Devereux Rapist’s Sentencing Delayed

by Ethan Stewart

With a packed, emotionally charged courtroom looking on, what
was meant to be the final chapter in the Darren Boyer Thomas rape
trial took an unexpected turn this week when the sentencing hearing
was put on hold midway through the proceedings. Armed with
jailhouse research conducted by Thomas — a former Devereux
supervisor — defending attorney Steve Baylash made a successful
last-minute motion to continue the matter in order to explore the
possibility of a retrial. Despite the postponement of the
sentencing, Judge Brian Hill allowed a majority of the hearing to
proceed, including sentencing arguments from prosecutor Joyce
Dudley and half a dozen heartfelt impact statements from the
victims’ friends and family.

The Tuesday morning hearing got off to an ominous start when the
victim — a 30-year-old severely mentally disabled former resident
of the Devereux School — became enraged and had to be escorted out
of the room by her caregiver shortly after a shackled Thomas was
brought into the courtroom. Baylash then asserted that he needed
more time to look into a perceived discrepancy in the testimony of
a key prosecution witness, Dr. Frank Alvarez. Given that the victim
tested positive for syphilis while Thomas tests negative, Alvarez’s
argument hinged on the time and type of STD test the victim
received. According to his testimony, she tested positive for a
non-contagious form of the disease, but Thomas’s research of court
documents suggests that a second test was administered at some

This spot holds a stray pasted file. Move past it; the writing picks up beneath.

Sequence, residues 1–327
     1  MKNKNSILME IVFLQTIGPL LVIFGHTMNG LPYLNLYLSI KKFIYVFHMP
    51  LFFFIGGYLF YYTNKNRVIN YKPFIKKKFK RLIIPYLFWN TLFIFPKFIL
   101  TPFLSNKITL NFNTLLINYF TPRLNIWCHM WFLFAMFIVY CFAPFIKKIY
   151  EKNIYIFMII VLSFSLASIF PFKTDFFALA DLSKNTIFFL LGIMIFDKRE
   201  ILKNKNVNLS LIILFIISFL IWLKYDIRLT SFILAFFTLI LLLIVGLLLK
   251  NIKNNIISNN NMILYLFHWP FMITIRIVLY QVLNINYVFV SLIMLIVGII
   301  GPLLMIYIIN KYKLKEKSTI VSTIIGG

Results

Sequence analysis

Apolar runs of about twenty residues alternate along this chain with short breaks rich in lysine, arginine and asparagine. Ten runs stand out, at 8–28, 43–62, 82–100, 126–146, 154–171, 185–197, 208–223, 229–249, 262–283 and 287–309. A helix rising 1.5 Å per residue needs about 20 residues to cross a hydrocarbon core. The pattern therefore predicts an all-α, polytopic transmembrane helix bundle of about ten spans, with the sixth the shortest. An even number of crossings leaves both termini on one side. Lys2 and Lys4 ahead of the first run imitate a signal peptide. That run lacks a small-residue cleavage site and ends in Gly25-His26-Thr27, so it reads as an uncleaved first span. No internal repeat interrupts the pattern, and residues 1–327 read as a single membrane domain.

point by a different doctor in which the victim proved to be

Baylash explained, “I want to know whether she was contagious at
the time of the abortion [approximately three months after the
alleged rape]. If she were, I think the jury should have known
that.” As a result, Baylash asked for the two-week continuance so
he could review the trial transcripts, though he admitted after the
hearing, “There really may be nothing to it.” For her part, Dudley
considers the syphilis confusion little more than a “red herring,”
and was quick to point out that DNA evidence directly linked Thomas
to the aborted child and the jury needed little more than two hours
to convict Thomas last month.

Continuances aside, the impact statements made at the
hearing — which included testimony from the victim’s mother,
brother, cousin, and caregiver — all urged the court to punish
Thomas to the fullest extent of the law. As the victim’s brother
put it, “He deserves more time in jail than he can get. … He abused
his position of power and sexually preyed upon someone with the
mental capacity of a 2- to 3-year-old.” Dudley echoed the family’s
feelings, saying, “The defendant raped a helpless, voiceless
victim. He clearly is a danger to society. He stops at

Thomas will return to court on July 26. He faces a maximum of
eight years in a state prison. Additionally, Thomas is scheduled
for a pretrial hearing at the end of this month, in which he will
face perjury charges for his testimony during the rape trial.


Please note this login is to submit events or press releases. Use this page here to login for your Independent subscription

Not a member? Sign up here.